From the May 22 edition of NBC's Meet The Press:
CHUCK TODD (HOST): Mr. Draper, you spent a lot of time with Mr. Trump over the last few weeks, have an epic piece in the New York Times Magazine. It'll take days to finish reading of course, but let me pull out this excerpt here.
ROBERT DRAPER: Unreadably long.
TODD: No, it's very readable. No, no, no, no, no, you will want to do this. “I asked Trump if he had ever been to Iraq. 'Never,' he said, sounding horrified by the thought.” And then you asked him, "'What's the most dangerous place in the world you've been to?' He contemplated this for a second. 'Brooklyn,' he said, laughing. 'No,' he went on," quote, “There are places in America that are among the most dangerous in the world. You go to places like Oakland or Ferguson, the crime numbers are worse. Seriously.” Was he serious?
DRAPER: Yes, he was serious. Yes, and I think that the transition that people would like to see this man make is not so much staying off of Twitter, not so much having a veneer of presidential affect. But I think instead what they'd like to do is imagine this sort of boastful CEO of a company that bears his own name becoming or assuming the moral mantle of responsibility of being a public servant, which obligates you to -- among other things -- learn about the world and learn about your own issues with more granularity than he has currently demonstrated.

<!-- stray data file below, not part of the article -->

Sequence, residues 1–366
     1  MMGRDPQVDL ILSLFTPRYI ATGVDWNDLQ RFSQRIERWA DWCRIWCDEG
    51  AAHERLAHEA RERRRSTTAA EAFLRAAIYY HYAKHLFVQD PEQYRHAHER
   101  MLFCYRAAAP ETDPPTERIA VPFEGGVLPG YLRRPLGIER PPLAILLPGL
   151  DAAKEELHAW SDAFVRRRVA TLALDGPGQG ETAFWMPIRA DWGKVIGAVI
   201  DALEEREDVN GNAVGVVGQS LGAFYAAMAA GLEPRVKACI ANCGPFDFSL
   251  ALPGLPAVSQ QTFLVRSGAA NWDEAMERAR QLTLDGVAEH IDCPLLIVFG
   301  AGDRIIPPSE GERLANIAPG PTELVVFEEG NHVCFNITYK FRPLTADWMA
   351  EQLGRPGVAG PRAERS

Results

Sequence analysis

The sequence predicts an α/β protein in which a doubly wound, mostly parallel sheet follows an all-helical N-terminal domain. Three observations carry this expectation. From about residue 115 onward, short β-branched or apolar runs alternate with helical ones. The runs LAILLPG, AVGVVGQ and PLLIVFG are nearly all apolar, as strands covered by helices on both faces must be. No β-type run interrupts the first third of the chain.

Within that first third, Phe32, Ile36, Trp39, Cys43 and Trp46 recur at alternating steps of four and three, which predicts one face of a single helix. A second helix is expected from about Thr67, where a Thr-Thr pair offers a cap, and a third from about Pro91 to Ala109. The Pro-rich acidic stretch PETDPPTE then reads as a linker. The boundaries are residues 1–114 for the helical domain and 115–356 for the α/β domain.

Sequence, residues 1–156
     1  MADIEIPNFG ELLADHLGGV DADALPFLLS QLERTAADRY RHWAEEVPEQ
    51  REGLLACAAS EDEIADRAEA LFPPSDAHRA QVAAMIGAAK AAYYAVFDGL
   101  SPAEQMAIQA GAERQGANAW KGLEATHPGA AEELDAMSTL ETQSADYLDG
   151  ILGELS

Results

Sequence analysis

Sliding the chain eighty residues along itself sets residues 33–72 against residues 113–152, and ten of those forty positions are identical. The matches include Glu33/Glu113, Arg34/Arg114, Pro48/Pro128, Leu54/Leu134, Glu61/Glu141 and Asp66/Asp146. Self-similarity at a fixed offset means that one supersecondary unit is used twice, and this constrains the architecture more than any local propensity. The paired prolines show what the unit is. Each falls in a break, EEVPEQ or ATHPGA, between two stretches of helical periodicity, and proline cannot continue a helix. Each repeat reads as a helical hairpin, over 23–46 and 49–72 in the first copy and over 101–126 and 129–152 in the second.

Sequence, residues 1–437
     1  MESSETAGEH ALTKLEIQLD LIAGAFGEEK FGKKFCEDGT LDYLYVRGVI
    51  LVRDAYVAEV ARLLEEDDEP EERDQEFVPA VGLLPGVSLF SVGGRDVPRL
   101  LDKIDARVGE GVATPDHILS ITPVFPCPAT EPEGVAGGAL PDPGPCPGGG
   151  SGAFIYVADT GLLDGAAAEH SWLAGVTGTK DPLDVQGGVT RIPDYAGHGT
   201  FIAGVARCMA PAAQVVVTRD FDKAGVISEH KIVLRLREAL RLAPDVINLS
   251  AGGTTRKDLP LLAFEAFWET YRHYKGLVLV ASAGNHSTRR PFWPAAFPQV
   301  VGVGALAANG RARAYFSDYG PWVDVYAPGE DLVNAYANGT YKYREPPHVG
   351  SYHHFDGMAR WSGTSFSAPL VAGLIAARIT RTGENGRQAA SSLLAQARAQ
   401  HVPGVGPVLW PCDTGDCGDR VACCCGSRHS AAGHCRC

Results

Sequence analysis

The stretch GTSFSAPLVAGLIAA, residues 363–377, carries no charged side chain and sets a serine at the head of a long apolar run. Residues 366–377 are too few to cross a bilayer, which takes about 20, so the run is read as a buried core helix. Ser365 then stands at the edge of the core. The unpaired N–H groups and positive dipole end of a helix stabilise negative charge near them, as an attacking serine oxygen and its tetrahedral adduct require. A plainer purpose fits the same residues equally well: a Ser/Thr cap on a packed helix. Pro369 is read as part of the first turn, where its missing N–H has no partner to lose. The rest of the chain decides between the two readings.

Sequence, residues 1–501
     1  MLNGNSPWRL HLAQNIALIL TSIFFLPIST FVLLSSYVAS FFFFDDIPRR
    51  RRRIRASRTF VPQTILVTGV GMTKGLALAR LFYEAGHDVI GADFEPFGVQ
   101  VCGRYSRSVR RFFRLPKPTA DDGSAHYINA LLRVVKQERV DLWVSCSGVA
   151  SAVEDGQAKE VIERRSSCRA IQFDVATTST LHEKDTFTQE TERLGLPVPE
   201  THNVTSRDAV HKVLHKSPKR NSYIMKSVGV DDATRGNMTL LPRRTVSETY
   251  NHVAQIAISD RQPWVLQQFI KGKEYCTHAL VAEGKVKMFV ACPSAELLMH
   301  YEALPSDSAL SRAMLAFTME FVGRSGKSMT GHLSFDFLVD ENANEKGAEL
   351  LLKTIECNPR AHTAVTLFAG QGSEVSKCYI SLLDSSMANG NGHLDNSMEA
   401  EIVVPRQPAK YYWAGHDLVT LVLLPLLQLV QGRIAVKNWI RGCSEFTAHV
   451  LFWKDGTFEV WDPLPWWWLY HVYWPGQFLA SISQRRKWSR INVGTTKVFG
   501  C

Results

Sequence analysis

TODD: Joy, first two cities he says is Ferguson and Oakland. That --
JOY REID: Yeah. That's not even a dog whistle, it's a bullhorn. Right? And the thing that's interesting is that Donald Trump up to now has really not gone after African-Americans as directly as he has obviously Mexican migrants and Muslims and others. But I think it's implied there, and it's one of the reasons that he can't get out of single digits or improve where Republicans currently stand with people of color. Trust me that the kind of people who will be protesting in Cleveland, the folks that will be outside of that arena, they hear that dog whistle as a bullhorn, and they will respond.
REID: I can tell you that they're not going to respond to a candidate that has an ethno-nationalistic message.